La gloire est un scandale.
– Arthur Cravan
If Arthur Cravan believed that “glory is a scandal,” he was equally convinced that scandal could be glorious. And it was for this that the Dadaists were so keen to co-opt the poet-boxer’s legend after his disappearance (and presumed death) in 1918: he shared their nihilistic disdain for the past, contempt for hypocrisy and above all, their lust for provocation.
Cravan was a tireless self-publicist. Born in Switzerland on this day in 1887 with the name Fabian Avenarius Lloyd, changing it to the snappier Arthur Cravan was just the beginning of his quest for attention. Although he left his family name behind, he made much of his connection to Oscar Wilde (the playwright’s wife was Cravan’s father’s sister). And while determined to make his way as a poet despite disapproval from his overbearing mother, Cravan was wily enough to realise that boxing would bring more notice than unread verse.
Chaotic “lectures”, at which Cravan would drunkenly disrobe or threaten to commit suicide, brought the roadshow to ever larger audiences but it was his decision to publish a journal that proved decisive in the development of his public persona and critical voice. Maintenant (“Now”), of basic design and printed on cheap stock, appeared in Paris in five issues between 1912 and 1915. Cravan not only wrote almost all the articles and poems himself (some of them under pseudonyms), but also sold copies from a grocer’s barrow on the streets of Paris.
It was issue number 4 that finally brought Cravan the reaction he had been seeking. Issued in 1914, it was dedicated to that year’s Salon des Indépendants art show, over whose exhibits Cravan showered hot, chunky disdain. His most notorious comment was to suggest that Marie Laurencin’s art would be improved if she got laid, an observation which prompted the challenge of a duel from poet Guillaume Apollinaire, her one-time lover. Undeterred, Cravan sold the offending issue at the exhibition’s entrance, but after a group of aggrieved artists complained to the police he was sentenced to eight days’ jail. On his release he republished the offending issue with ambiguous “corrections”.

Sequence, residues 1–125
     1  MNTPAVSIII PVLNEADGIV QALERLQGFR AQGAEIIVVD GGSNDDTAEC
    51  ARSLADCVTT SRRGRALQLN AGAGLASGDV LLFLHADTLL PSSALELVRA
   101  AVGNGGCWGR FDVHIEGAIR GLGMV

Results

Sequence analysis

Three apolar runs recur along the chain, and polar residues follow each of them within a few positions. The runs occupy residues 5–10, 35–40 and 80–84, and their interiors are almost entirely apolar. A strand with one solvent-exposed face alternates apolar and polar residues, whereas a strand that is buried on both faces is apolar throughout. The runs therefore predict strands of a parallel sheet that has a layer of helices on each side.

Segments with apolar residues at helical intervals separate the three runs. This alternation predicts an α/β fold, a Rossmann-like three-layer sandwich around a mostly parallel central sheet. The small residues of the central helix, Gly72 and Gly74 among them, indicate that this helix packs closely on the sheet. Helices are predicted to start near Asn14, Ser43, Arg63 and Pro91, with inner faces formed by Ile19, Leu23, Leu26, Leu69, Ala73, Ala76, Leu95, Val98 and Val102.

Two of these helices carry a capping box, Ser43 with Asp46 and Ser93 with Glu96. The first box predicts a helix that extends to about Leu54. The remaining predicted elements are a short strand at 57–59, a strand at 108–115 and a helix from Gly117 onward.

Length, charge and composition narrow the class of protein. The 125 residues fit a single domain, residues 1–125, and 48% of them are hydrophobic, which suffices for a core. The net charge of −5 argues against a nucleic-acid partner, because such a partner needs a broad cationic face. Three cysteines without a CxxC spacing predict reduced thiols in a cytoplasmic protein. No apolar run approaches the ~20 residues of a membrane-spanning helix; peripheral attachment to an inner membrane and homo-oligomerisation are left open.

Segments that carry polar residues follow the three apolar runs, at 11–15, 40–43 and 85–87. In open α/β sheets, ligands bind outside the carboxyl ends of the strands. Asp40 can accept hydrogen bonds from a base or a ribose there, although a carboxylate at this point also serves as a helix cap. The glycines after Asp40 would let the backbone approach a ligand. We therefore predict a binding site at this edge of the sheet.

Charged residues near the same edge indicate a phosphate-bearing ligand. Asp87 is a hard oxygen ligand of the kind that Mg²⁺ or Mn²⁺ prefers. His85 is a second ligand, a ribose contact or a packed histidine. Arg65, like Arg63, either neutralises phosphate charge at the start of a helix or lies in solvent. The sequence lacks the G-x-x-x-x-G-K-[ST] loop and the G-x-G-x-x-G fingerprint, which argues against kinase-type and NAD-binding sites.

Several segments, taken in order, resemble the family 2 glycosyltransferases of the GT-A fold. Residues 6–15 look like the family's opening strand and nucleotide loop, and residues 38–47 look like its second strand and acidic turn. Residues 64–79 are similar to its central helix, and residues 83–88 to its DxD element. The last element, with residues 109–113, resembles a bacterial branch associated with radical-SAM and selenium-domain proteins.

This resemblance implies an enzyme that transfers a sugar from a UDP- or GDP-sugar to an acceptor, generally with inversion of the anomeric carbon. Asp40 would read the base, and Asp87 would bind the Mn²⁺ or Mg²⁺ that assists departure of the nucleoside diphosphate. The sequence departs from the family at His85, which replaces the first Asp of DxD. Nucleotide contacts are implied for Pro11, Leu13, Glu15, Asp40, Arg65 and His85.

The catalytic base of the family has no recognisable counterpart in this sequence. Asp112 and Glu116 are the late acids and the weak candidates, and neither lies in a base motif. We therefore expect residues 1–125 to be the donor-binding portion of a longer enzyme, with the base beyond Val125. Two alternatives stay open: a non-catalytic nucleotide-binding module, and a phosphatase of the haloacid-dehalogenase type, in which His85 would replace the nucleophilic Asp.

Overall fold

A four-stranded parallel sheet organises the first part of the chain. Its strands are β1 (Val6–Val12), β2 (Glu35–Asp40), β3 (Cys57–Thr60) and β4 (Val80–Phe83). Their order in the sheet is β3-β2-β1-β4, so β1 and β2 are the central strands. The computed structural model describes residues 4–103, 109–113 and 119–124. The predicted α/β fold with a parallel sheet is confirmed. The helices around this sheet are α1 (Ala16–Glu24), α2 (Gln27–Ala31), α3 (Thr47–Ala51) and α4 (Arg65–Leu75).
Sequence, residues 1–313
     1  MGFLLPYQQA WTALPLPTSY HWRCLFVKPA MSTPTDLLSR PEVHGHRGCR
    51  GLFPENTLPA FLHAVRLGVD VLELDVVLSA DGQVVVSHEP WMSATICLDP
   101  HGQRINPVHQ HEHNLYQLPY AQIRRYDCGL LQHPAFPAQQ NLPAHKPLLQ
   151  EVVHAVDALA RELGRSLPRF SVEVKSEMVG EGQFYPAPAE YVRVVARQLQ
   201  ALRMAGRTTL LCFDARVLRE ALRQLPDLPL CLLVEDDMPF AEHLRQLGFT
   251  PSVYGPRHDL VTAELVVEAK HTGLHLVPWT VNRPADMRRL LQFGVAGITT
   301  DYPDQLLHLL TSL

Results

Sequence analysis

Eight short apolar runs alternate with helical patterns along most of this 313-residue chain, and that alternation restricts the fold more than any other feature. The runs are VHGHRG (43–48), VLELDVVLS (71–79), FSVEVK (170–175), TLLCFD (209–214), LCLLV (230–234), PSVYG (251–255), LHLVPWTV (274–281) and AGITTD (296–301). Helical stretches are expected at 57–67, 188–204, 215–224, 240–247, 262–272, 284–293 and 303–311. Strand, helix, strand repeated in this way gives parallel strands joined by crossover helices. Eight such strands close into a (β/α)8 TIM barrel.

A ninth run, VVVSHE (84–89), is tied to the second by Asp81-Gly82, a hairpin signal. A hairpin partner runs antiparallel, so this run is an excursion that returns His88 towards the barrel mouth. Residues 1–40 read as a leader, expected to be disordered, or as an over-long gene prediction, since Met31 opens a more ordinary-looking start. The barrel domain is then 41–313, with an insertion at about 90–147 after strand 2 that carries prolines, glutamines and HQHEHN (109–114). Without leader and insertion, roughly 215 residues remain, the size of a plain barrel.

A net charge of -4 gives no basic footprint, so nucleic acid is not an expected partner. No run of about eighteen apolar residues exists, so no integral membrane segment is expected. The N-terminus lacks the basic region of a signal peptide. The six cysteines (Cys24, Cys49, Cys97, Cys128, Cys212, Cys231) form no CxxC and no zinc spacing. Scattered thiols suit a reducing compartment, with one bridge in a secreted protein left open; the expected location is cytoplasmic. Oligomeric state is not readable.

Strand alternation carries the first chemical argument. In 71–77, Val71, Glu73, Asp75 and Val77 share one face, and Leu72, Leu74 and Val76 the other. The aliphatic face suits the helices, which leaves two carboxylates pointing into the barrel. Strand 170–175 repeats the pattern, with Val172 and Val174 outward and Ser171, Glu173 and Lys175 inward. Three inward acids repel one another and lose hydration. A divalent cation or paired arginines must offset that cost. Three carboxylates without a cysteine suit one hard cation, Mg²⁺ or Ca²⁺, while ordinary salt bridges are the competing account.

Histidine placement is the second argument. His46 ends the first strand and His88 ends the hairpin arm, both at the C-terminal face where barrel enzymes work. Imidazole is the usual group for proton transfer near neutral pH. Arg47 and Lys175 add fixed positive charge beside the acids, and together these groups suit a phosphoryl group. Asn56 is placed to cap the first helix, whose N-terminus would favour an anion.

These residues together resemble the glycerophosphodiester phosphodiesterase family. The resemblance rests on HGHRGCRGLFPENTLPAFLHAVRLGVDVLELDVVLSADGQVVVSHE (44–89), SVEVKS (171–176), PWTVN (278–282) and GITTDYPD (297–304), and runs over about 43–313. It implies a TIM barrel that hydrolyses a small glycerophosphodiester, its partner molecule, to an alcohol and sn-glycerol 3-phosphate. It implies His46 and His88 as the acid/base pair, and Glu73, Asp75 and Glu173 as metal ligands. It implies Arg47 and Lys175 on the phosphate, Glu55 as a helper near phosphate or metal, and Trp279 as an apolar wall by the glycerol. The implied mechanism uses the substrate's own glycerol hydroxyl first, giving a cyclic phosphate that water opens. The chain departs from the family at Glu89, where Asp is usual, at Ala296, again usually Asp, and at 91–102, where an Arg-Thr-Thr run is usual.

Then as now, the art world was rife with malicious rumours and drunken criticism but even the avant-garde was self-regulated by an implicit code of conduct which ensured that outré opinion generally didn’t leave the bar. Cravan’s transgression was to wilfully ignore this code; Italian writer Giovanni Papini, who was at the same time championing Futurism in his journal Lacerba, commented that “Cravan has the courage to put into print the filthy gossip that circulates surreptitiously just about everywhere”.
Maintenant is fascinating as the blue print for the Arthur Cravan legend, which was not a cobbled-together posthumous construct but rigorously, knowingly assembled by the man himself. The poet-boxer played up to the curiosity excited by the apparent contradiction between the most abstract and cerebral of pursuits meeting the most brutal and visceral. He made constant references to Oscar Wilde; even a scathing piece on French novelist André Gide takes as its starting point imprudent remarks made by the French novelist about Wilde’s literary gifts. So persistent are the references to his famous uncle that Maintenant at times reads like an Oscar Wilde zine.
But even more than that Maintenant, with its critical autonomy and combative self-sufficiency, resembles a blog, almost a century ahead of its time. Cravan declared his reasons for writing were “to enrage my colleagues, to get talked about and to try and make a name for myself” – in short, what pretty much every blogger is trying to do. Although it’s easy to imagine that Cravan would regard the blogosphere with the same distaste as he did the Parisian avant-garde, his quest for glorious scandal makes him a true forefather of web-delivered opinion.
Cravan’s posthumous renown and Maintenant’s notoriety mean that original copies, which generally sold for 25 centimes, now attract ridiculous prices; a complete set is currently being offered at GBP 35,000 pounds. Viewing Maintenant is still possible for less than the price of a new Porsche, with issues 3 and 4 viewable online and the complete set republished in the book Oeuvres: Poèmes, Articles, Lettres, and in facsimile in Cravan: Une stratégie de Scandale.